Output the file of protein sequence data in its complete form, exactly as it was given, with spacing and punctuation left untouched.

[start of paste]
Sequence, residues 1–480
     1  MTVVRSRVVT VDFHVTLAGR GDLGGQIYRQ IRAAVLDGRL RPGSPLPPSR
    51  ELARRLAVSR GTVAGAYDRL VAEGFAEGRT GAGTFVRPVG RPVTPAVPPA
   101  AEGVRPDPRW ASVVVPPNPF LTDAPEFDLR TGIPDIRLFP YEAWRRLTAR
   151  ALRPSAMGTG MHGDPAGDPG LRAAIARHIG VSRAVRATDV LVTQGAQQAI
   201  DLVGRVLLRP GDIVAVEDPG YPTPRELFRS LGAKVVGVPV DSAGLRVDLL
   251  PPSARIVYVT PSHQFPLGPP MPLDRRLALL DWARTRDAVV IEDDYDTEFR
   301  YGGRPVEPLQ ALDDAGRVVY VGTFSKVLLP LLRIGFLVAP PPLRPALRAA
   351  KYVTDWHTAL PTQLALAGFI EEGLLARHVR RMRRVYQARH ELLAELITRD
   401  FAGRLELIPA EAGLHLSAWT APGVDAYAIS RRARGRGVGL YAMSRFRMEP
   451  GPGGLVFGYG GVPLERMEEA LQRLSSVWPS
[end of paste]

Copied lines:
Sequence, residues 1–480
     1  MTVVRSRVVT VDFHVTLAGR GDLGGQIYRQ IRAAVLDGRL RPGSPLPPSR
    51  ELARRLAVSR GTVAGAYDRL VAEGFAEGRT GAGTFVRPVG RPVTPAVPPA
   101  AEGVRPDPRW ASVVVPPNPF LTDAPEFDLR TGIPDIRLFP YEAWRRLTAR
   151  ALRPSAMGTG MHGDPAGDPG LRAAIARHIG VSRAVRATDV LVTQGAQQAI
   201  DLVGRVLLRP GDIVAVEDPG YPTPRELFRS LGAKVVGVPV DSAGLRVDLL
   251  PPSARIVYVT PSHQFPLGPP MPLDRRLALL DWARTRDAVV IEDDYDTEFR
   301  YGGRPVEPLQ ALDDAGRVVY VGTFSKVLLP LLRIGFLVAP PPLRPALRAA
   351  KYVTDWHTAL PTQLALAGFI EEGLLARHVR RMRRVYQARH ELLAELITRD
   401  FAGRLELIPA EAGLHLSAWT APGVDAYAIS RRARGRGVGL YAMSRFRMEP
   451  GPGGLVFGYG GVPLERMEEA LQRLSSVWPS